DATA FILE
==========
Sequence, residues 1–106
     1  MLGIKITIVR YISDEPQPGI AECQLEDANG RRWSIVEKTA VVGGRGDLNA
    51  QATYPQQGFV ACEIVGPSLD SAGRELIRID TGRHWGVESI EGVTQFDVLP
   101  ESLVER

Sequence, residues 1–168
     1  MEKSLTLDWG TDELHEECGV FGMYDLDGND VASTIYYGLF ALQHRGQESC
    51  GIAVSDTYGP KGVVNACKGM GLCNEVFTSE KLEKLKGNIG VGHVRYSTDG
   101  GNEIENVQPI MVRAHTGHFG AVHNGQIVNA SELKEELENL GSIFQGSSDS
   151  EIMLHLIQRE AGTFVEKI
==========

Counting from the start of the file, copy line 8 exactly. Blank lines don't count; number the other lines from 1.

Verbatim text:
   101  GNEIENVQPI MVRAHTGHFG AVHNGQIVNA SELKEELENL GSIFQGSSDS